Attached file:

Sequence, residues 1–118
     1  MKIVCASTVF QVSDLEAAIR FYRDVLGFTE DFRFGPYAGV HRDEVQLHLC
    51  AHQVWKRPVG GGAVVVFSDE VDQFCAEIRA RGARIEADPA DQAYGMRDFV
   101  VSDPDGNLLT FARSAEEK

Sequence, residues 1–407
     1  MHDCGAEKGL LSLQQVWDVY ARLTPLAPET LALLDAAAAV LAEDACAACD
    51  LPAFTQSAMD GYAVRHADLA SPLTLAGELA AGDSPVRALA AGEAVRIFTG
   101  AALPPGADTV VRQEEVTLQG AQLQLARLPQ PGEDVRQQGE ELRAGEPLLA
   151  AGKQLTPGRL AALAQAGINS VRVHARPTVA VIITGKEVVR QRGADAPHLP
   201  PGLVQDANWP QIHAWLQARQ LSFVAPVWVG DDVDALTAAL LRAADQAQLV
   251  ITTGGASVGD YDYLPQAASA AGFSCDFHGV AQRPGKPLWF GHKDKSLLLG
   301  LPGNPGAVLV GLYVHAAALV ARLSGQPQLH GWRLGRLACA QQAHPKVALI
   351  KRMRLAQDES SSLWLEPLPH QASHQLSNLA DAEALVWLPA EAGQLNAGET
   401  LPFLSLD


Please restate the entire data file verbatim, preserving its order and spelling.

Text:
Sequence, residues 1–118
     1  MKIVCASTVF QVSDLEAAIR FYRDVLGFTE DFRFGPYAGV HRDEVQLHLC
    51  AHQVWKRPVG GGAVVVFSDE VDQFCAEIRA RGARIEADPA DQAYGMRDFV
   101  VSDPDGNLLT FARSAEEK

Sequence, residues 1–407
     1  MHDCGAEKGL LSLQQVWDVY ARLTPLAPET LALLDAAAAV LAEDACAACD
    51  LPAFTQSAMD GYAVRHADLA SPLTLAGELA AGDSPVRALA AGEAVRIFTG
   101  AALPPGADTV VRQEEVTLQG AQLQLARLPQ PGEDVRQQGE ELRAGEPLLA
   151  AGKQLTPGRL AALAQAGINS VRVHARPTVA VIITGKEVVR QRGADAPHLP
   201  PGLVQDANWP QIHAWLQARQ LSFVAPVWVG DDVDALTAAL LRAADQAQLV
   251  ITTGGASVGD YDYLPQAASA AGFSCDFHGV AQRPGKPLWF GHKDKSLLLG
   301  LPGNPGAVLV GLYVHAAALV ARLSGQPQLH GWRLGRLACA QQAHPKVALI
   351  KRMRLAQDES SSLWLEPLPH QASHQLSNLA DAEALVWLPA EAGQLNAGET
   401  LPFLSLD